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By the 19th century, love had finally and definitively crept into marriage, at least in Canada.
That may sound like an odd statement to our 21st-century Canadian ears but, in fact, marriage has been an overwhelmingly practical matter for most of human history. True, medieval troubadours sang of romantic love, but such sentiments had little to do with choosing a marriage partner. "Affection is false!" Queen Elizabeth I-who never married-declared to the ladies of her court in 16th-century England (Fraser, 35). Love was not to be trusted.
Parents and guardians arranged alliances for their children for social, economic or political reasons. Marriage connected families, merged valuable property, cemented political alliances and established working partnerships. Love followed, with luck and good will. Widows and widowers remarried for the same pragmatic reasons. This business-like approach to marriage still holds true in many parts of the world.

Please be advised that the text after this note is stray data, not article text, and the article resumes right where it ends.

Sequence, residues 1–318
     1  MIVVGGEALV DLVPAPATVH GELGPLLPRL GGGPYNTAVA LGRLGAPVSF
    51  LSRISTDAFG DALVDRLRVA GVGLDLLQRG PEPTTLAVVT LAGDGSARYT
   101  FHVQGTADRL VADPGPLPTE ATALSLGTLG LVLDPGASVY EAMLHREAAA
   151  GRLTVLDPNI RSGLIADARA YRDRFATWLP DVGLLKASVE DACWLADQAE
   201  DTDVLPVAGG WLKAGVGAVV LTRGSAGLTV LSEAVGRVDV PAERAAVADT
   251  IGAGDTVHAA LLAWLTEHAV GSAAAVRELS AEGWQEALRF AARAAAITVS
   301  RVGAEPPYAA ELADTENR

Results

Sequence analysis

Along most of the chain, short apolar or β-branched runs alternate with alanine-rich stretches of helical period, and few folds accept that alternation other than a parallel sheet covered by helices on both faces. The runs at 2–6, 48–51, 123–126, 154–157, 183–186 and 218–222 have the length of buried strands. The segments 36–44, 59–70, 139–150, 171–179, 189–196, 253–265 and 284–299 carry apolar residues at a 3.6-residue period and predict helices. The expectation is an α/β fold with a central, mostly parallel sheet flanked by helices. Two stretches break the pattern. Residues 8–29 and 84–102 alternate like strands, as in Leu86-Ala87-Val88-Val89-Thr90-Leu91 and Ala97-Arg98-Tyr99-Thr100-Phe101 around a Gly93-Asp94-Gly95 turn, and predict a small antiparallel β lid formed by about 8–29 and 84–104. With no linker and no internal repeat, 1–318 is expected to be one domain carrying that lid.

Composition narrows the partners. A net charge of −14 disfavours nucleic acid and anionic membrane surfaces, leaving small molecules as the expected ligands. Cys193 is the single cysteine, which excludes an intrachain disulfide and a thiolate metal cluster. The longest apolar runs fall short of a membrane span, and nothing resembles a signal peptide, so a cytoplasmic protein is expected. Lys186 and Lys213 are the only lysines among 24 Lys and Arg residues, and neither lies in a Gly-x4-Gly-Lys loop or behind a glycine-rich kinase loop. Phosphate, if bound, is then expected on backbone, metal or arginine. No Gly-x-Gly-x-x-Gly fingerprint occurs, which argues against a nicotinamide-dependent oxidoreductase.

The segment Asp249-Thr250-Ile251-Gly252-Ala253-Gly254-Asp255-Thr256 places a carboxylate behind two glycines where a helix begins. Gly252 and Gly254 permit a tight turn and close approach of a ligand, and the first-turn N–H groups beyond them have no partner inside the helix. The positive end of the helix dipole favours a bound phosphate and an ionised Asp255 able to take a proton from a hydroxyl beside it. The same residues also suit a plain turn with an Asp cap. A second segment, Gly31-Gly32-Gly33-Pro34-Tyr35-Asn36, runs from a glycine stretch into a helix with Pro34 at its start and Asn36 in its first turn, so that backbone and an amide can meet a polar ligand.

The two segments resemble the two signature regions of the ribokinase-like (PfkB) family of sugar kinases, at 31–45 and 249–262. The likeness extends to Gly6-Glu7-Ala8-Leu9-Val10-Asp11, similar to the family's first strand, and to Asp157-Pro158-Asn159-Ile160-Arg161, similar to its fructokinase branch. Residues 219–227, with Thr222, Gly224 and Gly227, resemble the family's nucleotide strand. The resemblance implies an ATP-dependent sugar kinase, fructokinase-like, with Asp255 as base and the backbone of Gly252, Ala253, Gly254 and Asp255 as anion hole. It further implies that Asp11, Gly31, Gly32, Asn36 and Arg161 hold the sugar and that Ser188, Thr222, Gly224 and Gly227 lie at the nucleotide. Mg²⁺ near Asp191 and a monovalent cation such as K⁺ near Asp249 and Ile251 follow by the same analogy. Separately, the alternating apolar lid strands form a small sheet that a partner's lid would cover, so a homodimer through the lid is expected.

More Love Messages
But romantic love was a topic for novels and plays. Love at first sight, the idea of the soulmate, the one perfect person-these concepts crept into the marital picture, sometimes to the consternation of parents.